A fairly predictable fairytale read, but an overall good story with Christian morals.
Rose is a woodcutter's daughter who is apprenticed to the town's healer, Frau Gerusha, though the fact that she feels sick at the sight of blood does not bode well for her career. Still, she is glad she is in training for a respectable position, as it gives her the liberty to turn down all the men her mother tries to set her up with, including a wool merchant who seems intent on hurting her, in hopes of an advantageous match. But when Rose catches the eye of both of the Duke of Hagenheim's sons, in spite of her lowly place in society, her world starts to turn upside down, especially as Lord Rupert’s attentions get stronger.
Lord Hamlin, oldest son of the Duke of Hagenheim and heir to the dukedom, has been betrothed to the Lady Salomae of a neighboring region since the lady was born, but as she has been placed in hiding because of the threats of a wicked sorcerer, he has never seen her. All his life Lord Hamlin has prepared himself to his duties of marrying Lady Salomea and ruling his region, and he has devoted himself to hunting down the evil Moncore so the lady can come out of hiding. Now that he has met Rose, though, he isn't sure his predetermined destiny is what he wants. Torn between his love for Rose and his duty to his family, to his people, and to God, Lord Hamlin does all he can to check himself but still look out for Rose as a sister. But is it enough? Or will they both learn that all things really are possible with God?
Most of the characters live very moral lives, and look down upon immorality. One main character is described as not acting very virtuously where women are concerned. Lord Hamlin's relationship with the Lady Salomae is also satisfactorily resolved.
Christianity is the regulated religion of the region, though not all people follow its precepts. Rose, Lord Hamlin, and Frau Gerusha are seen to have a strong faith.
There is mention of sorcerers and curses and the demonic forces; the villain does try to attack Rose with these things, but Frau Gerusha and Lord Hamlin take spiritual authority and cast out all the attacks.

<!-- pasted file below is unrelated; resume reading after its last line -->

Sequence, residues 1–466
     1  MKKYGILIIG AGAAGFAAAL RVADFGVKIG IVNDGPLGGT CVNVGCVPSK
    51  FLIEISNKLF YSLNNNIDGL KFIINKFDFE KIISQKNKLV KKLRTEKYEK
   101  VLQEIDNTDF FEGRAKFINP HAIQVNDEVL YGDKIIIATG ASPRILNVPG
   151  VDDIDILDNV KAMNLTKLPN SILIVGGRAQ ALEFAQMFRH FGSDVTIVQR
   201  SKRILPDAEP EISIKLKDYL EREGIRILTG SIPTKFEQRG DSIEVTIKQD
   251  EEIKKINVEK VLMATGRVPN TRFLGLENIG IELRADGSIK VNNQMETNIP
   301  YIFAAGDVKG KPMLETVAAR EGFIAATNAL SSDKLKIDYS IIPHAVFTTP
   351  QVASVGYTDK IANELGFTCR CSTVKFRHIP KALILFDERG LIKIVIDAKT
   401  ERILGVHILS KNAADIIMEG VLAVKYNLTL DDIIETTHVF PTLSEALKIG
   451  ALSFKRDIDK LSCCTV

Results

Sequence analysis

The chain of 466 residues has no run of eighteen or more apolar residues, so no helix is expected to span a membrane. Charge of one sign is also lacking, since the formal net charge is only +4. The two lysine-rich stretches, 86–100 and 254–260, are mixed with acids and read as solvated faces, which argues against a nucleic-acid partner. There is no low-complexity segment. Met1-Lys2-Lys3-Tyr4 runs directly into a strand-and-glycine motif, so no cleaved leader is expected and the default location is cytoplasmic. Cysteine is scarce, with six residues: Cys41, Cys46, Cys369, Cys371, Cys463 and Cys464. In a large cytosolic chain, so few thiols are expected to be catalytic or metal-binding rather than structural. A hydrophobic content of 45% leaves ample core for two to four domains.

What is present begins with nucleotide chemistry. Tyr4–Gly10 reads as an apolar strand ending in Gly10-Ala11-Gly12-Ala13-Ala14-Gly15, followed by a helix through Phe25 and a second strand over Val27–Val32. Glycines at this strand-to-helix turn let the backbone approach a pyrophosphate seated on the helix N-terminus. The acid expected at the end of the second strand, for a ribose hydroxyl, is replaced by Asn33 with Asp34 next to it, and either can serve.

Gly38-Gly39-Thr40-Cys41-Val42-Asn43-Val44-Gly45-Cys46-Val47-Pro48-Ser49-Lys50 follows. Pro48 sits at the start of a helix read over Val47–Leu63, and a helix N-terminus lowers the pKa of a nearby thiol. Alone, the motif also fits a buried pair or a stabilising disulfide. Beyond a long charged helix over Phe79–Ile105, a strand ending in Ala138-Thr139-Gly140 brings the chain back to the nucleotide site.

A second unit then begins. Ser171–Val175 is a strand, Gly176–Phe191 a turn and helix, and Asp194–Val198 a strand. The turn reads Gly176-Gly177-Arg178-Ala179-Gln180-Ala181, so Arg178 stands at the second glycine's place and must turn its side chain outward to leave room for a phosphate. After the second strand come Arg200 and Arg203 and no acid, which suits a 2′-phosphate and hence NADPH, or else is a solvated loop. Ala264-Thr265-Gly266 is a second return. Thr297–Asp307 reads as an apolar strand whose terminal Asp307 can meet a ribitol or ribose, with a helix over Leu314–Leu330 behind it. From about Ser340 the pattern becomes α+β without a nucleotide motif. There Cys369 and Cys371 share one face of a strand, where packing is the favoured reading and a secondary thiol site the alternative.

A man tries to sexually assault a girl but does not succeed, and later the man is punished by her brother and boyfriend by beating. A character drowns. A possible suitor tries to harm Rose, and holds a dagger to Frau Gerusha's throat. Lord Hamlin is hurt by a wild boar and receives a very bloody wound. There are two instances of wounds being stitched up that are described, but not too graphically. A villain is killed by a sword going straight through his body.
Drug and Alcohol Content
Herbs are administered for medicinal purposes. Wine is drunk at different feasts, and there are a few mentions of people having drunk too much.
God's plan for marriage and sexual purity are viewed as right in this book. However, some of the characters choose to live that part of their lives in their own ways, including one asking Rose to be his mistress, but this is seen as wrong. There is an instance where a man tries to sexually assault a girl, but he does not succeed and is later punished.
There are several displays of affection shown through kissing (mostly on the hand or forehead, a few times on the lips), hand holding, hugging, etc. Some of it is a bit much, in both amount and often description of how it makes the characters feel, but any time where it might lead to moral impropriety the characters push back.
Crude or Profane Language or Content
There is mention of unchivalrous behavior toward women, and sometimes of riotous behavior after drinking too much wine.
This book is supposed to be the author's "realistic" take on the fairytale of Sleeping Beauty, though it is more based off of the Disney version than the original tale. As such, it really is rather predictable. You can guess the end from near the beginning. However, it is more how the story unfolds than how it ends that provides its charm. The author describes the Medieval European setting very well, and gives a hint of what life in that region may have been like in those days. The main characters can be a bit predictable, too, but some of the secondary characters are rather pleasant. All in all, it was a nice light fairytale read with Christian morals, and was fairly entertaining.